Saturday, October 30, 2010

Academic Hoax or Creative History?

Dateline: College Town, New Mexico

The local university campus was rocked today when several members of the History Department admitted to perpetrating a giant hoax on the academic community. Earlier this week it was discovered that several members of the department had invented a wild story involving an imaginary politician, Benjamin Harrison, supposedly President of the United States from 1889 to 1893.

“Oh, come on!” said Dr. Holland, a member of the department. “How could anyone take this crap seriously? It was just a joke that got out of hand; nobody in their right mind would believe a president in between the two terms of President Cleveland. Don’t you people read?”

According to grad student Brian Riley, the story of the fictitious presidency has made its way into several textbooks, including those used by many high schools in the nation. The university has promised to investigate the matter.

One member of the department, speaking off the record, tried to explain how the hoax began. “We were at the local brew club with some grad students. You understand, out here in the high desert, you can get thirsty. One thing led to another, and we started teasing the grad students trying to see how much nonsense we could get them to believe. We almost convinced them the South won the Civil War, but one student didn’t think that ending jived with his recollection of the movie Gone With the Wind. Then someone mentioned Ben Harrison and the whole story took on a life of its own.”

According to Dr. Holland, “We took a president that no one really remembered, Grover Cleveland, split his term in half and shoved this joker in between. It was just a local departmental joke until one of the students decided to post it on Wikipedia, then it seemed to just snowball throughout academia. People all over the world kept adding details, frequently something outlandish, such as being the grandson of a previous president! Like that could ever happen!”

When asked about the various photographs of the alleged president, Dr. Holland explained, “My daughter did that. She used Photoshop and just sort of made him up. She used Taft’s body and Grant’s head. I think the beard came from Santa Claus.”

Though none of the faculty would comment on the record, it appears that at least one member of the department, Dr. Black, was granted tenure after writing a biography of the fictitious president. Clearly upset, one member of the department grumbled, “Writing is not very difficult when you make up all your research.”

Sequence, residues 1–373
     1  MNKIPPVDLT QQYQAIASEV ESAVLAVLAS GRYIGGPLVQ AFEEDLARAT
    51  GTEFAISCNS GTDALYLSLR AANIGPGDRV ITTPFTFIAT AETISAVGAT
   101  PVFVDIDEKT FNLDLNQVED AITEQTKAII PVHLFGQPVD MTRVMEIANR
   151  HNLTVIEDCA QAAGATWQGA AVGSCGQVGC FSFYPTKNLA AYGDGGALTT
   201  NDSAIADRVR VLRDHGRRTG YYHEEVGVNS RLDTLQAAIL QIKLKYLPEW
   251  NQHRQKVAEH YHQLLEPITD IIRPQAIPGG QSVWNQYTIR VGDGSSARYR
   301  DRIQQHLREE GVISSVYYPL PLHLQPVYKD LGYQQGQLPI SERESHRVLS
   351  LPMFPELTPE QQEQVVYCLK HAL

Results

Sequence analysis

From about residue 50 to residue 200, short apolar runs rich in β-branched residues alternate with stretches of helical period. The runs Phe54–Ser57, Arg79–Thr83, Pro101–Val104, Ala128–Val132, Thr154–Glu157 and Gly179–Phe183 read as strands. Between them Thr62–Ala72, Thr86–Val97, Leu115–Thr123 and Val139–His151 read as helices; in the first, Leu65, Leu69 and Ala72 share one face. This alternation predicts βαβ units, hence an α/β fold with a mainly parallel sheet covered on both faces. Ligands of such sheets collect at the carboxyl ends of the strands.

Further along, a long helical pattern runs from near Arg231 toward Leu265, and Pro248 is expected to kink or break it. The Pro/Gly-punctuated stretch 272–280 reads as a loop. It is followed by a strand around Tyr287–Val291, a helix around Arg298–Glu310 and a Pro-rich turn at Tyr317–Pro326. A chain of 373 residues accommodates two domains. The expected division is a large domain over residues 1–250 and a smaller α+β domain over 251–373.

When asked about the many textbooks already in circulation that include the fictitious presiden, Dr. Holland replied, “Don’t blame us, we didn’t do it. Those publishers were just copying material off of Wikipedia. As soon as Texas put it in a textbook, they all did it. God knows, those morons on Texas school boards will believe anything.”

While several professors admitted to being involved in the scandal, at least one privately confessed to having based an entire course on the fictitious president. “It was just so easy, no lectures to write, no research, just show up in class and talk nonsense. For two whole weeks I told the students about my drunken uncle Steve and the little bastards just sat there and took notes. Hilarious.”

Since this was homecoming weekend for the university, the timing of the scandals release was a bit problematic for the university administration, but they promised to investigate the incident fully. According to one official, while the administration is currently busy investigating how a million dollars of research money found its way into the athletic budget, the administration has promised to investigate the History Department as soon as possible.


  1. That is really quite amusing, Mark Milliorn.
    Did you know that the first hotair balloonist was in fact a historian, who decided he wanted to Be In history instead of merely write about it? The first hotair-balloon ride participants included a chicken and a sheep. The first hotair ballooning injury occurred when the sheep kicked the chicken and broke its wing.
    The King then decided to send up a human. He volunteered a conflict, but the historian fought for the honor of going in place of the conflict.
    Why make a joke when real history is so much funnier?

  2. Yeah, who knows what that king was thinking, the jails were full of conflicts, not that many historians around, but maybe better getting rid of historians than conflicts.

  3. ... and what's a good story without conflicts?